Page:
Singapore Better Or Sweden Better?
Some people might think that living in a country like Sweden beats living in Singapore, but we found a Swedish guy who begs to differ.
He thinks Singapore beats Sweden anytime, so much so that he even produced a two-part video to tell us why.
In the video, a guy who is known as “Stefan” highlights the differences between life in Sweden and Singapore, and the things he reveals about his home country might surprise you.
The stark contrast in issues like housing, transport and general behaviour of people in both nations actually makes sense, and makes us grateful for living in Singapore.
Take a look at the videos here:
Meatballs, delicious meatballs. That’s all many Singaporeans can think about when they think of Sweden — that and furniture in flat-packed boxes that you have to assemble on your own.
Sweden’s not just about Ikea. The European Union member is made up of thousands of coastal islands, boreal forests and snowcapped mountains. Besides Ikea, H&M, Skype and Spotify also originated from there.
This is the country where Stefan was born and raised. But he has been working in Singapore since moving here 3 years ago.
So Stefan might be well-placed to comment on how life is really like in both countries.
Here’s some of the things that he says:
Most locals in Singapore live in the ubiquitous Housing Board flats — public housing that is government-subsidised. Thus we have a high rate of home ownership for residents, according to SingStat.
Foreigners have the option of renting HDB flats, but the government sets a limit on the number of foreigners living in each estate. Besides public housing, foreigners have plenty of options — condominiums, for example are readily available.
That’s an understatement, actually — it seems that every piece of land is Singapore that isn’t taken up by an HDB block, mall or office building is or will be taken up by a condo.
Though housing may not be cheap in Singapore, they are at least readily available, and foreigners with an expense account shouldn’t have problem finding accommodation.
Behind the picturesque waterfront houses that pop up on Google Images lies a severe housing problem.
Rent is controlled in Sweden. Price ceilings are set to prevent rent from adjusting to supply and demand.
But this inevitably leads to a permanent shortage of units to rent and people are left with no choice but to take whatever they can get.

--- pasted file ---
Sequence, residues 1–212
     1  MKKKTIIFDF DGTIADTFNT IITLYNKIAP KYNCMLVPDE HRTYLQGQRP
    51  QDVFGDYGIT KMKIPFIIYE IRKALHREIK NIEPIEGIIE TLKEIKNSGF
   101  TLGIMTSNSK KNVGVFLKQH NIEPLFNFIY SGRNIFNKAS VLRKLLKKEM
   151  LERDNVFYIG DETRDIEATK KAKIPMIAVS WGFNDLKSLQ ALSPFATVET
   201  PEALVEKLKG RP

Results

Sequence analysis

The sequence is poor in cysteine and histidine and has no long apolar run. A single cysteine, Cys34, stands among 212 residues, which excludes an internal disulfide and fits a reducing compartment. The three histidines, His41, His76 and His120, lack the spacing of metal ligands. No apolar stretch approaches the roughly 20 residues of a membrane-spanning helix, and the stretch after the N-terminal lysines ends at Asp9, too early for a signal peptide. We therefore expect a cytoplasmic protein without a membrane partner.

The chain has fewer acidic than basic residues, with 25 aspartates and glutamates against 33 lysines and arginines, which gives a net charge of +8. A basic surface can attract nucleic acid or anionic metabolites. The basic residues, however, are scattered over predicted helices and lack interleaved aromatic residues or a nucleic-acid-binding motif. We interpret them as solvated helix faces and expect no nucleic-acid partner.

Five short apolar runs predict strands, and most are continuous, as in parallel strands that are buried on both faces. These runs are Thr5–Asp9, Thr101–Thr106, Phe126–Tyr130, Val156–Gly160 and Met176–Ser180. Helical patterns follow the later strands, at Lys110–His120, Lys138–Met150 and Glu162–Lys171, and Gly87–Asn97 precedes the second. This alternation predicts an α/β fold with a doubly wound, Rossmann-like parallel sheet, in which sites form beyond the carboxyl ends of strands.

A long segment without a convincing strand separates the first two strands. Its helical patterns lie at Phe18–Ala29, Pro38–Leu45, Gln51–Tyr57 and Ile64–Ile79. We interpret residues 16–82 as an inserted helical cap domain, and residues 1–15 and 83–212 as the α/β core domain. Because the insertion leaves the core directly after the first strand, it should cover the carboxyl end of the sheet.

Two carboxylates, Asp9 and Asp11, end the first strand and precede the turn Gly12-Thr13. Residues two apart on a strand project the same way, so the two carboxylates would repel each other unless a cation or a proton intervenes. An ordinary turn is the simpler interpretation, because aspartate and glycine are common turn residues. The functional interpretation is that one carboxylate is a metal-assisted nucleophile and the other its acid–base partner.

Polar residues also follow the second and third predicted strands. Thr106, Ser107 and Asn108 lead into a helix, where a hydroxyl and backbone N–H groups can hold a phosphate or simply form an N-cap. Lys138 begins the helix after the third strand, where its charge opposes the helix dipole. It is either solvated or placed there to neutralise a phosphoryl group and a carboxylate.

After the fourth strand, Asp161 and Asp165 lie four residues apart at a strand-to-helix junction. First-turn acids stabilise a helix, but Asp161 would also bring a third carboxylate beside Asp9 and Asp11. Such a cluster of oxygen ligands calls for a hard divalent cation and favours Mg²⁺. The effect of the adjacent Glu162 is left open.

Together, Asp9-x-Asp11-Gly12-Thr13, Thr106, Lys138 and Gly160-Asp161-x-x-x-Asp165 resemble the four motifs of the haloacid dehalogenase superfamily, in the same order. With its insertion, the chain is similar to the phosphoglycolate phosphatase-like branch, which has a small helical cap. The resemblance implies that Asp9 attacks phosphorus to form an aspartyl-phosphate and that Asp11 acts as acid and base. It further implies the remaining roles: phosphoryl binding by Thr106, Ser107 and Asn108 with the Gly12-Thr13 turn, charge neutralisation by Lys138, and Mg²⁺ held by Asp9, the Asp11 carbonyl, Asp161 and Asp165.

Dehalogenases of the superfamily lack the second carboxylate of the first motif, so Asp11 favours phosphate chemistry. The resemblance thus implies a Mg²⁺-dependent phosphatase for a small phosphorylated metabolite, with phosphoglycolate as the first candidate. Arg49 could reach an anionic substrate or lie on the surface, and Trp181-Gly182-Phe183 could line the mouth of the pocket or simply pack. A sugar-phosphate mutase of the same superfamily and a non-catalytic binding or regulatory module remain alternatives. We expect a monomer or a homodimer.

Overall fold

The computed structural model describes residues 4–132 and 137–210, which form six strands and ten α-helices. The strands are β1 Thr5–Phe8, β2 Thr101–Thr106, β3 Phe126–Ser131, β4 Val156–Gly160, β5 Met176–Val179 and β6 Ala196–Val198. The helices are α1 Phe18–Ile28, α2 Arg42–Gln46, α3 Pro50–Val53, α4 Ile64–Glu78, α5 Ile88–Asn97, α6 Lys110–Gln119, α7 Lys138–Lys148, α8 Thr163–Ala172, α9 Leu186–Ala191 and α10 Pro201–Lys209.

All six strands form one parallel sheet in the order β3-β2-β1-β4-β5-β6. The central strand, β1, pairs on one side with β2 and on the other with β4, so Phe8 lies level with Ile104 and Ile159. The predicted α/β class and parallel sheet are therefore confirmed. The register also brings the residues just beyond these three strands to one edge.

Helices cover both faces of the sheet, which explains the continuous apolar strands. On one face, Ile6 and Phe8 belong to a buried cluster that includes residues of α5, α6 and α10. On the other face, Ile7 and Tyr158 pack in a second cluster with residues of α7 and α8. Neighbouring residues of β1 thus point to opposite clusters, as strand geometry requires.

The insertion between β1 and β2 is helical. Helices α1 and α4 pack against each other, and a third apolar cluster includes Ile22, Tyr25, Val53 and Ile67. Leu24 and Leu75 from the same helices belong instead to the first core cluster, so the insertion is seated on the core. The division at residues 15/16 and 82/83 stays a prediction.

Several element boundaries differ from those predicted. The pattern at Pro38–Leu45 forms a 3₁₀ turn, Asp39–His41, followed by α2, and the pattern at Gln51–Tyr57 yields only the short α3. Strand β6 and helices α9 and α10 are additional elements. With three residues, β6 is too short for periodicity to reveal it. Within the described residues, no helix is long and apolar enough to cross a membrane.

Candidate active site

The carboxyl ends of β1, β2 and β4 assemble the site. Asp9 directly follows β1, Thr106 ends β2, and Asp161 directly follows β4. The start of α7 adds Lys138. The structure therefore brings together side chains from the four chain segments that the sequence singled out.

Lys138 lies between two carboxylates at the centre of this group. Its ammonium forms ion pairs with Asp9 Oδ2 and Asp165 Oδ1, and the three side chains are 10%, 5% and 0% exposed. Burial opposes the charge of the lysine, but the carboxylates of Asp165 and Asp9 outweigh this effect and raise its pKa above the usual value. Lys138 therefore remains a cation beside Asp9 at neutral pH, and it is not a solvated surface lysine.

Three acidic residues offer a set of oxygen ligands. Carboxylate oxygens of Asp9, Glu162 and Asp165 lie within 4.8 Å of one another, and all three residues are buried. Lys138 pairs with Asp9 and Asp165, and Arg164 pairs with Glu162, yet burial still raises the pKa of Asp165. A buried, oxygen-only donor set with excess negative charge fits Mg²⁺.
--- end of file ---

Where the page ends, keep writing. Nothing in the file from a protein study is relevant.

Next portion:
On top of that, the average waiting time for units to rent in Stockholm, the capital of Sweden, is 10 years.
The situation in other cities aren’t great either, judging from the chart below:
It’s like your kid can complete primary and secondary school, and perhaps junior college, in the time you’re waiting for a place to live in.
Stefan says that what’s available is usually short-term leases, and unless you’re a politician, you don’t get the luxury of choosing where to live, unless if you’re willing and able to get a mortgage.
We can hear the sighs of disapproval already — but despite the countless train disruptions, Stefan actually says our public transport system isn’t that bad after all.
The plus point of our MRT — people in Singapore don’t try to get a free ride by tailgating you while you walk through the gantry.
Thanks to sensors at the gantries that will crrrrush you like a cockroach if you try to squeeze through behind someone.
However, Stefan does have a complaint about our taxis: He says they are readily available in the morning, but it gets increasingly difficult to get one at dinner time.
“One driver after another passes by without picking up a customer because the law doesn’t allow them sufficient incentive to bother,” he said.
On the bright side, he can rely on private-hire services like Uber and Grab.
The Swede recalls someone breathing down his neck while he was walking through the subway gantry in Sweden — yup, someone was trying to get a free ride by walking up extremely closely behind him to beat the gantry.
Talk about an invasion of personal space.Unlike in Singapore, there are no platform screen doors in subway stations — meaning you have to be on your guard as you can get pushed onto the tracks.